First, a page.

Bigger pay rise for new teachers is an option, Justine Greening suggests

Education secretary still wants overall teacher pay rise capped at 1 per cent but suggests the money could be 'targeted' to improve recruitment and retention

Will Hazell

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Giving new teachers a bigger pay rise than more experienced colleagues could be an option to help improve teacher recruitment, the education secretary has suggested.

Justine Greening told the body responsible for recommending teacher pay rises that it should consider whether it would be “more effective” to take a “more targeted approach” rather than lifting pay by the same amount across the board.

However, she also told the STRB (School Teachers' Review Body) that it must once again consider its options within the context of a 1 per cent public sector pay cap, and that schools will have to pay for any increase out of their own budgets.

The Department for Education’s submission to the STRB states that the decision to limit pay awards to 1 per cent a year to 2019-20 “will continue to play an important role in delivering the government’s objective of reducing the budget deficit”.

The document provides a table of what each of the five national pay ranges would look like if their “minima” and “maxima” were to be increased by a uniform 1 per cent in 2017-18.

But it then adds: “The STRB will wish to consider the extent to which this will help schools to promote recruitment and retention or whether it would be more effective to provide a more targeted approach – eg, differentiating the increases to the minima and maxima of the ranges."

Russell Hobby, general secretary of the the NAHT headteachers' union, said this could involve hiking entry-level salaries to make the profession more appealing to new starters, while not lifting the top of the pay scale.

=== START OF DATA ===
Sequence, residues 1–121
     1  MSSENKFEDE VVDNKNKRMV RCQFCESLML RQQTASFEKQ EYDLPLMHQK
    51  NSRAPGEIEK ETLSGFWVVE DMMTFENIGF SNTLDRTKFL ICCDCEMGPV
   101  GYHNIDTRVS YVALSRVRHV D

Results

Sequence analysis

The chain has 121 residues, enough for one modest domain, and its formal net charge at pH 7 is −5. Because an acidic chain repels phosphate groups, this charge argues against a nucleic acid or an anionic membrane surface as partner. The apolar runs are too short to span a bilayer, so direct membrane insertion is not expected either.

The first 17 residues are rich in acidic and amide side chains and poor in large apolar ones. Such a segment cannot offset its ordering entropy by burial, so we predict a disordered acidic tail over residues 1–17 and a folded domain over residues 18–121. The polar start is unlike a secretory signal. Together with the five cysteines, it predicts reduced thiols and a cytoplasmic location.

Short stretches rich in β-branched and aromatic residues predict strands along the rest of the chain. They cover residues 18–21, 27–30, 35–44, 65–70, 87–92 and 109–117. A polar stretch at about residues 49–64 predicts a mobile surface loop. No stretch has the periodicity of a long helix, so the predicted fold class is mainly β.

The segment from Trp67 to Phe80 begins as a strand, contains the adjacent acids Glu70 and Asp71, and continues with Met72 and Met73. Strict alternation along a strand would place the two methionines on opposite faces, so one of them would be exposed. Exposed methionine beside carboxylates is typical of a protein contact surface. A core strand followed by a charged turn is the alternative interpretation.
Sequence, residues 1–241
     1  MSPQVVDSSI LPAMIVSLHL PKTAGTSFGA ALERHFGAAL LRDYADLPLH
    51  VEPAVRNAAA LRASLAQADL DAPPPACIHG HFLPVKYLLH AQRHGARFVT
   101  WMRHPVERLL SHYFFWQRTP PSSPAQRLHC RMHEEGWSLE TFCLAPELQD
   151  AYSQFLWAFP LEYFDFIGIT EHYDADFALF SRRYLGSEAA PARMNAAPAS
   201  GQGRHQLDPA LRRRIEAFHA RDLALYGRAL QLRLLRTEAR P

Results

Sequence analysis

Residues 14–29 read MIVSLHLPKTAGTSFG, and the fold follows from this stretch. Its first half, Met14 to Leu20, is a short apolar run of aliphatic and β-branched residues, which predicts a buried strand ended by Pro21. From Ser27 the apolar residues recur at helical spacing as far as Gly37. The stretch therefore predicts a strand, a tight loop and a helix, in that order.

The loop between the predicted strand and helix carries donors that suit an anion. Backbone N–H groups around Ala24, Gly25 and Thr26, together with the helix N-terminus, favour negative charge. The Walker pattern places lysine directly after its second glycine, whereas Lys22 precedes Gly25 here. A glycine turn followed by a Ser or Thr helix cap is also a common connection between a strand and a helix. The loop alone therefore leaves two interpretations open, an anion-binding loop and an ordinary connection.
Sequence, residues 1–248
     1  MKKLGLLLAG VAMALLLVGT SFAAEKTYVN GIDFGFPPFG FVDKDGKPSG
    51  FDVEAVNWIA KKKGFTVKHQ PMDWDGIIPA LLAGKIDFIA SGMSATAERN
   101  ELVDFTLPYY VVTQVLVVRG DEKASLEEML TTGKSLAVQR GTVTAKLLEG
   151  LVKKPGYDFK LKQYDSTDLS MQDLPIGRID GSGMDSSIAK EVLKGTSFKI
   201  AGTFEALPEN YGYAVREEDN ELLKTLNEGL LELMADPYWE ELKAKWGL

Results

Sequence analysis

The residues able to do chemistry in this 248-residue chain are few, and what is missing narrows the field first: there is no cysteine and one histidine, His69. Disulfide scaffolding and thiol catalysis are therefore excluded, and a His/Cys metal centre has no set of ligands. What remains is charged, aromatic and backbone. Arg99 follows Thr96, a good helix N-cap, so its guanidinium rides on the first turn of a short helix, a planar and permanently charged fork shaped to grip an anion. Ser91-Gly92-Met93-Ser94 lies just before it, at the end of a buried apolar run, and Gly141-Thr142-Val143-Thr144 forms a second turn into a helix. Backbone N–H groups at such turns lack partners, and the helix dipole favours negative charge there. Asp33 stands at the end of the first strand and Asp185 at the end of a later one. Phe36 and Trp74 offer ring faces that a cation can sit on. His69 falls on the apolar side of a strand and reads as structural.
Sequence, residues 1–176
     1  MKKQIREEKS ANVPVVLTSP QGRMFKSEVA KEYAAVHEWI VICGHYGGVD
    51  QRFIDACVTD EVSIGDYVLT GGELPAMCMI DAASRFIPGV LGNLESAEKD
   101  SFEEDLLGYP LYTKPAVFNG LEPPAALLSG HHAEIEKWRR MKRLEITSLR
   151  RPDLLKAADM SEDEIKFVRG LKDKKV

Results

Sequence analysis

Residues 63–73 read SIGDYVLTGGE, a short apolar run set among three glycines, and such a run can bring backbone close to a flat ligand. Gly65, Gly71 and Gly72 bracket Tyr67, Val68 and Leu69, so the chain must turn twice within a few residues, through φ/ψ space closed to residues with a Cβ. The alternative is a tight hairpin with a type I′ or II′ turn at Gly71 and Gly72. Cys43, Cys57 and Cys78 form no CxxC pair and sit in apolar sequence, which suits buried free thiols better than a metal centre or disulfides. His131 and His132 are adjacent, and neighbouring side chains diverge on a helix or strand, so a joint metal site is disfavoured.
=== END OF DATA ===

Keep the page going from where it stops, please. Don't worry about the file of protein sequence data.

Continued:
'Risk of real-terms pay cuts'

However, he added that if this approach was taken, inflation would result in those at the top of their pay spine seeing their salaries eroded in real terms.

He said: “You could choose to lift the minimum of each of the pay ranges, in order to say, ‘We’re struggling to recruit heads, therefore we’ll increase the bottom end of the leadership pay spine’. 

“The inevitable consequence of that is you’re cutting the pay of your most experienced staff. If you’re not raising [pay] by 1 per cent then it’s a real-terms pay cut for those people.”

The DfE acknowledges some risk to schools in its submission, adding: "If the recommendations of the STRB proposed a larger pay award to some teachers than to others, this may result in some schools seeing disproportionate increases in their staffing budgets. This would have the potential to create a risk to their financial security.”

The DfE also says that it still “fully agrees” with last year’s STRB recommendation that schools should have discretion over who receives pay increases, rather than all staff getting a uniform rise.

Schools will have to fund the cost of any pay increases themselves.

According to the DfE’s evidence, a 1 per cent pay increase to all salaries in 2017-18 would cost schools an additional £250 million.

However, the total increase in the schools' pay bill would be approximately £505 million because of a larger workforce and progression within the profession.

However, Mr Hobby said that schools should not be forced to fund pay increases out of their own pockets.

“It’s not simply a matter of just raising the pay scales – [the government] has to put the money into schools to pay those teachers as well,” he said.

“It’s within its grasp to do so. This isn’t a fact of life, it’s a political choice not to put that money in,” he added.

The STRB will issue its recommendations next year, although the government is not obliged to accept them.

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Will Hazell

Will Hazell

Will Hazell is a reporter at Tes

Find me on Twitter @whazell

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